Under the leadership and Moderation of Alexandra Foederl-Schmid, the Speakers were:
Judy Dempsey, Senior Fellow, Carnegie Europe; Alison Smale, head of the Berlin New York Times office; Robert Dornhelm, Film Director and Movie Script-Writer; Former US Republican Congressman; and Ivan Krastev, Political Science Professor, Bulgaria and Permanent Fellow of the Institute for Human Sciences (Instituts fuer Wissenschaften vom Menschen – IWM) Vienna.
THAT WAS THE BURGTHEATER PROGRAM FOR SUNDAY, MARCH 5, 2017. EUROPE BEING DISCUSSED (Europa Im Diskurs) -EUROPE-USA: WHAT WILL CHANGE UNDER TRUMP?
ON SUNDAY, APRIL 2, 2017 11:00, there will be a sequel –
Burgtheater | Europa im Diskurs – Debating Europe
Leben wir im Zeitalter des Populismus?
“DO WE LIVE IN A TIME OF POPULISM?” – this is like seeing if what happened in te USA will
happen in Europe as well.
On March 5, 2017 – Most speakers were not Trump supporters (except Irish lady Dempsey who did not really support him but said one must give him a chance). Nevertheless – all of them view him with caution, to say the least.
The two surprising participants for me were Jim Kolbe, Former Republican Congressman from Arizona (1985 till 2007) who is now Board member of IRI (International Republican Institute).
He started by stating that he will definitely not get a phone call from the Trump Administration to join their cabinet. He did not support Trump from the start, and still does not support him. In his closing remarks, Congressman Kolb said that some Republicans are starting to doubt Trump’s ability to be President. He mentioned his fellow Arizonian John McCain and Lindsey Graham in particular. He criticized Trump’s Administration by saying that very often he says one thing and his Secretary of State and Secretary of Defense say something different – and who is to believe? Is Steve Bannon running the show?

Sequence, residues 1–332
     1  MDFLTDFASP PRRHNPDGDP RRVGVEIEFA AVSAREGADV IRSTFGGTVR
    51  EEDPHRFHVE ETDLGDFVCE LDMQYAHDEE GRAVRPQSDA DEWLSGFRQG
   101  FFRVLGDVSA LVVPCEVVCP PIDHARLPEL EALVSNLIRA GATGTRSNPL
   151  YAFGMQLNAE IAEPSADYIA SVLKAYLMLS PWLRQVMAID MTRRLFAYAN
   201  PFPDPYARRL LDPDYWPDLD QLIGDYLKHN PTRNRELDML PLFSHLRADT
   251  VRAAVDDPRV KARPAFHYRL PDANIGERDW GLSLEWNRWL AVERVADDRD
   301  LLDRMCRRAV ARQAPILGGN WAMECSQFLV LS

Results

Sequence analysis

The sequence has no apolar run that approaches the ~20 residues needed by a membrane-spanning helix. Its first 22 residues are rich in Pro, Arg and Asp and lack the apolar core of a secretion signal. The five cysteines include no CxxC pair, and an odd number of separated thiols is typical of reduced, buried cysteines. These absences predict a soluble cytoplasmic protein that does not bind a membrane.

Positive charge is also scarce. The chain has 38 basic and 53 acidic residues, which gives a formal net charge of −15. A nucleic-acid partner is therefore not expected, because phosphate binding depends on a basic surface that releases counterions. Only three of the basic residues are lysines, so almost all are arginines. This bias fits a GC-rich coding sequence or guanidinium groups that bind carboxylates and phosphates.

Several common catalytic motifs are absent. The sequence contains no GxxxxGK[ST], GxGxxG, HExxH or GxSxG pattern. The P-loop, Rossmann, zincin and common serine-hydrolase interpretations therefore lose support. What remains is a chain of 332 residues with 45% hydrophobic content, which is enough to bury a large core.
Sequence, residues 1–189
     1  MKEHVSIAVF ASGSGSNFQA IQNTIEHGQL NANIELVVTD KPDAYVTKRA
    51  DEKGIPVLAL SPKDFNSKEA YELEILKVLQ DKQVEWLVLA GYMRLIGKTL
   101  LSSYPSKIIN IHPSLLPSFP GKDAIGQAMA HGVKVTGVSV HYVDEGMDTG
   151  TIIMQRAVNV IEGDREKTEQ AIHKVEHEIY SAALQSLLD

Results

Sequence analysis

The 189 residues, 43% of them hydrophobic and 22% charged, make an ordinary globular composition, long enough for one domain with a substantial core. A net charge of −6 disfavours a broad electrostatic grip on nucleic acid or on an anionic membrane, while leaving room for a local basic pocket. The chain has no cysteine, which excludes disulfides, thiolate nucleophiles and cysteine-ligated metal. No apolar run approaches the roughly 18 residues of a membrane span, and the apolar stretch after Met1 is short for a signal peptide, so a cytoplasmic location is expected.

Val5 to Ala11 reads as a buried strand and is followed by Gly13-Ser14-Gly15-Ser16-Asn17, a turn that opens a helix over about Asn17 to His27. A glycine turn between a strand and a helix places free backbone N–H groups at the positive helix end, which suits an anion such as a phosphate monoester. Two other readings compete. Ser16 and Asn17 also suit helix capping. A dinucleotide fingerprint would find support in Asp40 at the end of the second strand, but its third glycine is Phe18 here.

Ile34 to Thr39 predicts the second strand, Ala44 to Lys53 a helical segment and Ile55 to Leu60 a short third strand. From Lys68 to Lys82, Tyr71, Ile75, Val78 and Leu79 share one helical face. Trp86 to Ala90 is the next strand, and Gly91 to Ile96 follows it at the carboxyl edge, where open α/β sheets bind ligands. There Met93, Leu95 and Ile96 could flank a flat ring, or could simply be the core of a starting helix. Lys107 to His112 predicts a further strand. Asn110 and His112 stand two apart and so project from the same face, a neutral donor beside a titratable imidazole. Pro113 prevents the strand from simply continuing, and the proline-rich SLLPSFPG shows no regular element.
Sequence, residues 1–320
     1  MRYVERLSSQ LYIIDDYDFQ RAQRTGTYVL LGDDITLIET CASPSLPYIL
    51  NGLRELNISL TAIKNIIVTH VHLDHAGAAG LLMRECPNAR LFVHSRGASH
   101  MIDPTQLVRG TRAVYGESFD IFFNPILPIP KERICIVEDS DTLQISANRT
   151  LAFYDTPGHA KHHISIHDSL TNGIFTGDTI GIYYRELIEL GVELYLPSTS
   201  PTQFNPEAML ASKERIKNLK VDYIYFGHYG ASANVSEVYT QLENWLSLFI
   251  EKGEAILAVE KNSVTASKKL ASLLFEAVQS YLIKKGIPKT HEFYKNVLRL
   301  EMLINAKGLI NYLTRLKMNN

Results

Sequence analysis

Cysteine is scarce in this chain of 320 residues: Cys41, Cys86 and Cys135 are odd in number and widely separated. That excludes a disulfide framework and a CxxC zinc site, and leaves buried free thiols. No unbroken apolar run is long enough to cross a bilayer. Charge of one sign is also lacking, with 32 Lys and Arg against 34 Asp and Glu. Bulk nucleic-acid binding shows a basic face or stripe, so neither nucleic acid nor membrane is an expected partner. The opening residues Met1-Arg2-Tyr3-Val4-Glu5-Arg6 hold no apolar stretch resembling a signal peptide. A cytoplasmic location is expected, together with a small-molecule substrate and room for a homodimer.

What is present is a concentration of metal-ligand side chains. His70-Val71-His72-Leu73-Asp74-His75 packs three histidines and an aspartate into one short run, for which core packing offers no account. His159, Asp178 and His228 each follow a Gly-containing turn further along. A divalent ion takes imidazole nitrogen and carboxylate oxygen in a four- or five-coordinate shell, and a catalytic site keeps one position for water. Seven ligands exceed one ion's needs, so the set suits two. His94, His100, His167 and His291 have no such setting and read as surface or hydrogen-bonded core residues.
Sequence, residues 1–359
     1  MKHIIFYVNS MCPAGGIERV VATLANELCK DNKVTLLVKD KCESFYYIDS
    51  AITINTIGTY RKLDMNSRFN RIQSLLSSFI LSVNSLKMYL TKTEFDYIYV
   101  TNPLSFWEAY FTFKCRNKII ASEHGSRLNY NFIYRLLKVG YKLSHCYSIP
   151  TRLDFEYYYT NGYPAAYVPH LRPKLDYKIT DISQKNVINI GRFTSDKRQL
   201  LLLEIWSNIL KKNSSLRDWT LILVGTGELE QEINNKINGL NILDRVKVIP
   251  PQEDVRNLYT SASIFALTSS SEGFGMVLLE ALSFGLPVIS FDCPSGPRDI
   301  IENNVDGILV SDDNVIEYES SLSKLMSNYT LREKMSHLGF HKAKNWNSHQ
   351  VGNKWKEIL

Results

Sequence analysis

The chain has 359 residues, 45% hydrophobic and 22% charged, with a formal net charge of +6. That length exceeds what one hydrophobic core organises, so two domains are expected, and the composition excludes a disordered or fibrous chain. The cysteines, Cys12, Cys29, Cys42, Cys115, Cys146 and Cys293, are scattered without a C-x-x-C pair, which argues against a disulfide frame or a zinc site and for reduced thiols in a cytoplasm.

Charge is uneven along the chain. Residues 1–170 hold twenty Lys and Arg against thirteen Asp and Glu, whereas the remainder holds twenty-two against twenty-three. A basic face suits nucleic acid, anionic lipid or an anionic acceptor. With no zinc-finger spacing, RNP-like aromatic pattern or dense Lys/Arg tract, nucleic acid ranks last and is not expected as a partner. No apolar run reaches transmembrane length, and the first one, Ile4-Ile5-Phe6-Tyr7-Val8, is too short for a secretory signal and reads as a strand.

As for Trump’s relationship with Russia, Europe should worry – said Congressman Kolb.
The second surprise was Robert Dornheim, a Film Director and Screenwriter, who was born in Romania but has dual citizenship Austrian and US and lives now mainly in Los Angeles.
As a staunch Bernie Sanders supporter he is is completely against Trump. Dornheim was also angry at the media, that fell for Trump’s ability at showmanship during the whole campaign and gave him about 10 hours of coverage to 10 minutes of coverage to Sanders. As a result many Sanders supporters voted for Trump and he personally has lost many friends that way. He urged Jim Kolbe to use his influence on his fellow Republicans to do something! He even went as far as to suggest that all debates about a Trump Presidency should not be taken so seriously – since he is not worth it. One should not even discuss him. This brought a mixed reaction from the panel and audience and was not taken too seriously.
The other panel members were Judy Dempsey, Senior Fellow, Carnegie Foundation, an Irish journalist, who was the most lenient towards Trump and said, among other things that we cannot forget that he was elected with the support of millions of people, and he is now the President and must be given a chance.
Ivan Krastev, Political Scientist analyzed Trump at length, mentioned his obsession with Radical Islam which dates back to many years before, obsessed with the Trade deficit and the idea that deficit is always bad (although it has existed in the US for many years already), and his idea of “Make American great again” is his main goal.
As for Russia, none of the people around Trump are specialists on Russia, and Trump is somewhat obsessed with Putin. Both Trump and Putin have something in common as both dislike the state of the world right now. FYI for you, nobody mentioned Yalta or Malta and the dividing of Europe.Maybe they do not believe it will go that far.
As for Trump’s latest accusation of President Obama wiretapping his phones at Trump Tower, all agreed that this is absurd, there is no evidence to it. Jim Kolbe explained that in the US you need a court order to do that, and it was definitely not asked for or given to President Obama.